You will be redirected back to your article in seconds

Dirty Girl

A teen jezebel who hits the road in search of her deadbeat dad.

Clarke - Jeremy Dozier Danielle - Juno Temple Sue-Ann - Milla Jovovich Ray - William H. Macy Peggy - Mary Steenburgen Joseph - Dwight Yoakam

In movies, where every hooker has a heart of gold, it figures the same would go for the high school slut. “Dirty Girl” stars Juno Temple as a teen jezebel who, with the help of the school closet-case, hits the road in search of her deadbeat dad, whose lifelong absence too-conveniently explains her man-crazy ways. What begins as a politically incorrect, “Mean Girls”-esque satire constantly shifts tone and focus as director Abe Sylvia pursues a style as jumbled as his narrative. Still, the scandalous-sounding title should lure curious college kids to this Weinstein Co. acquisition, especially on DVD.

If reports are true that the deal was made 20 minutes into the film’s Toronto premiere, it’s not clear the Weinsteins knew exactly what they were getting, since the opening is front-loaded with the sort of irreverent caricatures that have endeared auds to “Glee” — only to have things veer in wildly different directions. As dirty girl Danielle (Temple) might tell fellow Oklahomans about the weather, “If you don’t like it, just wait a few minutes, and it’ll change” — and change it does, with subplots about Mormon in-laws, gay strippers and an abusive dad flaring up at odd intervals.

That first reel finds class punching-bag Clarke (newcomer Jeremy Dozier) trying to keep a low profile as Danielle turns heads, looking like she walked out of a heavy-metal video. With Danielle shagging jocks beneath the school bleachers and offering unsolicited tips during sex-ed class, the principal has no choice but to send the foul-mouthed nymphet to the remedial “Challengers” program (unfortunately named, considering the space shuttle explosion and the pic’s kitschy 1987 setting).

There, she and gay-cliche Clarke wind up as partners in a class assignment, and with nothing in common but their red-blooded lust for bad boys and disdain for their respective parents, they grudgingly become friends. Soon they’re spending all their time together, sharing secrets and saliva — to throw Clarke’s homophobic dad off the scent.

In a movie not starved for over-the-top characterizations, Sylvia assembles a colorful team to play the pair’s dysfunctional families. Dwight Yoakam and Mary Steenburgen are Clarke’s wonky folks, while as Danielle’s mom, Milla Jovovich tries her tacky best to show the apple doesn’t fall far from the trailer park. Danielle’s dad left long ago, but a stern Mormon (William H. Macy) is willing to take the job, adding tension to her already precarious home situation.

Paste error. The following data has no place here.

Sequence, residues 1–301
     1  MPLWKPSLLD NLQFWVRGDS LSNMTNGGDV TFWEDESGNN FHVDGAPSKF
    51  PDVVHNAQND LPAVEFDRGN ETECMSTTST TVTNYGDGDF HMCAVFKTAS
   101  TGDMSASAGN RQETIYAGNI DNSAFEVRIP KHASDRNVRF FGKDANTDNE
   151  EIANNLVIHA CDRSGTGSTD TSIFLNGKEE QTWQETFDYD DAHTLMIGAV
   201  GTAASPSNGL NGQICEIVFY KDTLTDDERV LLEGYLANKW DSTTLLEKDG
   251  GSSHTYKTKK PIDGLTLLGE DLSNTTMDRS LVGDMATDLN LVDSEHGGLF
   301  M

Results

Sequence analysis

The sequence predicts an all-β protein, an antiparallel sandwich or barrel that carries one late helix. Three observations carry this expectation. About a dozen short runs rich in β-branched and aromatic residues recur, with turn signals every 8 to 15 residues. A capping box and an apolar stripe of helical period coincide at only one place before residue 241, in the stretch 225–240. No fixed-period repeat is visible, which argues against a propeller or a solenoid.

Leaving Oklahoma, the kids head west into the gooey center of Sylvia’s true agenda. It’s not much of a trip, the only real highlight being Clarke’s split decision to pick up a hitchhiker, who turns out to be a male stripper (“Rocket Science’s” Nicholas D’Agosto, handsome enough, but not exactly Vegas material).

It’s clear the film’s turned a corner when even a soft-core, gay-stripper subplot manages to yield enlightening feel-good revelations — and just wait’ll the duo get a chance to put those life lessons into practice a few miles down the road. How did a film that began with prison-rape jokes succeed in becoming an afterschool special? It’s in good company, of course, fitting right in with such teen satires as “Camp” and “Saved.”

For those not hip to its smug “out is in” mentality, “Dirty Girl’s” redeeming feature is its cast. Temple is vixen enough to carry the part, but manages to project a real wit burning beneath the layers of makeup and dumb-blonde shtick her character affects around others. At 21, she takes the jailbait edge off the role, and her accent is good enough that few would guess she’s from the U.K. As Clarke, Dozier is a real discovery, with a genuine, John Ritter-like charisma beneath those extra pounds. Watching him transform from creepy cafeteria lurker to charismatic star is one of the film’s great pleasures.

Music choices keep things feeling fabulous, even when they’re not, though two songs — Le Tigre’s “Deceptacon” and the Oak Ridge Boys’ “Elvira” — repeat a few too many times on the soundtrack.